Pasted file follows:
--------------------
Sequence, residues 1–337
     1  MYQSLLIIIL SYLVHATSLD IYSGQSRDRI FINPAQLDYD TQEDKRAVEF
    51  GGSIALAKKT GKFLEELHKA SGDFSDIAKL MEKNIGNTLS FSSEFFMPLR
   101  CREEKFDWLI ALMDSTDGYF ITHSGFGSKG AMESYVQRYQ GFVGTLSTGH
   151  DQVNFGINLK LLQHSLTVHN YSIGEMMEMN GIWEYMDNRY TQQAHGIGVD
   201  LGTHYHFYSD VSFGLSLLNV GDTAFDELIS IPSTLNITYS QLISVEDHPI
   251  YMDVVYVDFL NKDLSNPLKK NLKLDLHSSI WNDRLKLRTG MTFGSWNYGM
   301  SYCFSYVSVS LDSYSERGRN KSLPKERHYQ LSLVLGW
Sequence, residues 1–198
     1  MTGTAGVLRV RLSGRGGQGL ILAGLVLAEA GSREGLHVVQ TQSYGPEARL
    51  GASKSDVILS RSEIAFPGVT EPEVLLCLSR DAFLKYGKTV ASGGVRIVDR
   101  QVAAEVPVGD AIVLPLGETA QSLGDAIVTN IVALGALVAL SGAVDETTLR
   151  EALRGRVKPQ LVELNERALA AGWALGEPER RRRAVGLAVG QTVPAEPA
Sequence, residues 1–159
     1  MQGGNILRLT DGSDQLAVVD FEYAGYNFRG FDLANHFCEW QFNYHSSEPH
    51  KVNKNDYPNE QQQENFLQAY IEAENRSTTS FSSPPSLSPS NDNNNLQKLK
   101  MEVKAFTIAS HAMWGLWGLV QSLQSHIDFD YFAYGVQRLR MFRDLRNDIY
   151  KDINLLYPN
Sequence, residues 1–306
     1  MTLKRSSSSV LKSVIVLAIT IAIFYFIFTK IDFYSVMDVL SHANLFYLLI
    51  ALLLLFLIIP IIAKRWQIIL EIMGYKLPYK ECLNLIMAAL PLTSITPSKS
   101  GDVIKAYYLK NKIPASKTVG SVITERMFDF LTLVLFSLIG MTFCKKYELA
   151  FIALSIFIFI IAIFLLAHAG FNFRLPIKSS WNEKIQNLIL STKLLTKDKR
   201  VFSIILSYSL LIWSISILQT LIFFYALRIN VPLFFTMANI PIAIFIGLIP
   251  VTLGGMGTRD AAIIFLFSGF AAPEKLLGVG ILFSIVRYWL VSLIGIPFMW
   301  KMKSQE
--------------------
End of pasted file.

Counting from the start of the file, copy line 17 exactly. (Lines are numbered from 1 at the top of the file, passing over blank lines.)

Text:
   101  MEVKAFTIAS HAMWGLWGLV QSLQSHIDFD YFAYGVQRLR MFRDLRNDIY